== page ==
The Metropolitan Transit Authority of Harris County’s new plan, dubbed METRONext and expected to go before voters in November, reflects a shift away from light rail, a favored approach in previous plans.
“It may not meet everyone’s wish list. They may not agree with every part of the plan, but it’s a compromise that’s trying to serve the greatest number of people and the transportation needs of our community,” said Cindy Siegel, co-vice chair of METRO’s board of directors.
In an average workweek in 2018, METRO transported 1.4 million people. That burden will grow, as the Greater Houston area is expected to add another 4 million people in the next 20 years, according to METRO projections.
“The decisions we make now could stagnate us tomorrow. We can’t be a city that stagnates because we didn’t invest,” said Houston City Council Member Amanda Edwards, who also sits on the Houston-Galveston Area Council’s High Capacity Transit Task Force.
Last year METRO officials started with a list of about $35 billion in potential improvements, including 100 miles of light rail, 90 miles of bus rapid transit and 200 miles of high-occupancy vehicle lanes.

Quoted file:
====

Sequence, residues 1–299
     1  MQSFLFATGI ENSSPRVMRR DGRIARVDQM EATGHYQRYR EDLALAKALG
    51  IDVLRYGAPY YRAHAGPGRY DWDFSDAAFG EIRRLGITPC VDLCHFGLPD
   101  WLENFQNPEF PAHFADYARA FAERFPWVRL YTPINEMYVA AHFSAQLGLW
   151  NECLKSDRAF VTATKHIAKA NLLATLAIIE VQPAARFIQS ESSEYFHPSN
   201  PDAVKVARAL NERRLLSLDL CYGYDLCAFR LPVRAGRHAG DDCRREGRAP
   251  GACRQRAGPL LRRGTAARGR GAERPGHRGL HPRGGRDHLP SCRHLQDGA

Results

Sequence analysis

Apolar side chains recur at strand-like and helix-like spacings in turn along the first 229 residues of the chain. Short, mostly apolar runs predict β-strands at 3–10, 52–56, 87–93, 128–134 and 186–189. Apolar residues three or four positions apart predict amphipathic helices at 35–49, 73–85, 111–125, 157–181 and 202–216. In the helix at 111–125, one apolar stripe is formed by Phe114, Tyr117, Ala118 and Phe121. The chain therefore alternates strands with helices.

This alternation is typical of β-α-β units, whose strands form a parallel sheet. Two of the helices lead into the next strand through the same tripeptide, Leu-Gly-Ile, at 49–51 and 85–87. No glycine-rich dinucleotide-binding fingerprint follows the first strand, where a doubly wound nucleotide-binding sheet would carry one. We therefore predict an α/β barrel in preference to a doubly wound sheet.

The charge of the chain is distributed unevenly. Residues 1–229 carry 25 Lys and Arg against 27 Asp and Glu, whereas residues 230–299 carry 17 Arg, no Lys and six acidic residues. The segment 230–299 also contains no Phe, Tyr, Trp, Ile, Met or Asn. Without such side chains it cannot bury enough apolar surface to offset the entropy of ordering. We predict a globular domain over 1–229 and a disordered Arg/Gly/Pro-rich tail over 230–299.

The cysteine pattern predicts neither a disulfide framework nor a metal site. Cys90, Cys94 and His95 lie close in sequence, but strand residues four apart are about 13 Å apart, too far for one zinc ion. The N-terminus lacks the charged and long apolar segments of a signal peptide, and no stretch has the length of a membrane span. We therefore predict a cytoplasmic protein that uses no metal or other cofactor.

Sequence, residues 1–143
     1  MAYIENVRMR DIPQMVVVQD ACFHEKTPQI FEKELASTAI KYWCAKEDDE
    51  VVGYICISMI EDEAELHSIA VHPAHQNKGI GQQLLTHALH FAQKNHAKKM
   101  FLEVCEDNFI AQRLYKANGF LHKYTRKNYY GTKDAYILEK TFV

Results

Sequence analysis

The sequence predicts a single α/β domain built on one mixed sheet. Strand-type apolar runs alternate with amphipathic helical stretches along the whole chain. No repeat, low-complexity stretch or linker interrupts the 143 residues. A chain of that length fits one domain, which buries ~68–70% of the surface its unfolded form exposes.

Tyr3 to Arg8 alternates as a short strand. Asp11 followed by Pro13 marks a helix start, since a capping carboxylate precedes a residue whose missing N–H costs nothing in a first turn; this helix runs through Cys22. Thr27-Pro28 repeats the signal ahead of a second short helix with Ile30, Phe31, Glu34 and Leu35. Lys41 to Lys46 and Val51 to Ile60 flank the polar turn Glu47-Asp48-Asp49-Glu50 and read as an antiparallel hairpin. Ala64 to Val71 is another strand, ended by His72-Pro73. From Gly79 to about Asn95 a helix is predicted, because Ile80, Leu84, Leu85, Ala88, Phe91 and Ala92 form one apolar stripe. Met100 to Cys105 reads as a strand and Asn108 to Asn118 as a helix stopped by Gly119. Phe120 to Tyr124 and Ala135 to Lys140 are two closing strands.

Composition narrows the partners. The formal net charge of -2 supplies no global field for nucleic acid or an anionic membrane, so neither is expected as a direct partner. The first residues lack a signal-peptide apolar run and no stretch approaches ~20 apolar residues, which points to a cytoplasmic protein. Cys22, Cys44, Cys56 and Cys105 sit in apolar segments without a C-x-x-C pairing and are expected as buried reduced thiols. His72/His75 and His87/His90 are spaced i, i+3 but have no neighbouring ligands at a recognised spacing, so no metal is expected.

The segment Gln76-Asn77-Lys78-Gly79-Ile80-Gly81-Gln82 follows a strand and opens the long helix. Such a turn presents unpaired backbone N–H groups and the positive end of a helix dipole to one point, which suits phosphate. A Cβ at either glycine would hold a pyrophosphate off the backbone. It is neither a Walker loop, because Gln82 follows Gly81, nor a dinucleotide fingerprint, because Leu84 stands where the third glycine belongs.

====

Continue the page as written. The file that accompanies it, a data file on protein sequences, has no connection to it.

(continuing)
From there, $7.5 billion made the cut in the final plan under the agency’s financial constraints. In its 2019 fiscal year, METRO is budgeted to bring in about $1.4 billion—over half of which comes from a one-cent sales tax approved in 1978—and spend roughly $1.2 billion.
Christof Spieler, former METRO board member and author of the book “Trains, Buses, People: An Opinionated Atlas of US Transit,” said the plan delivers on the highest value projects.
“In general, the resources we have are inadequate to the need. And so any plan you put out there inevitably includes a lot of things where, if we had more money you could do this or that,” Spieler said.
The plan calls for about 20 miles of light rail extensions at a cost of $2.45 billion that would connect existing downtown lines to Hobby Airport to the south and North Shepherd Park and Ride to the north.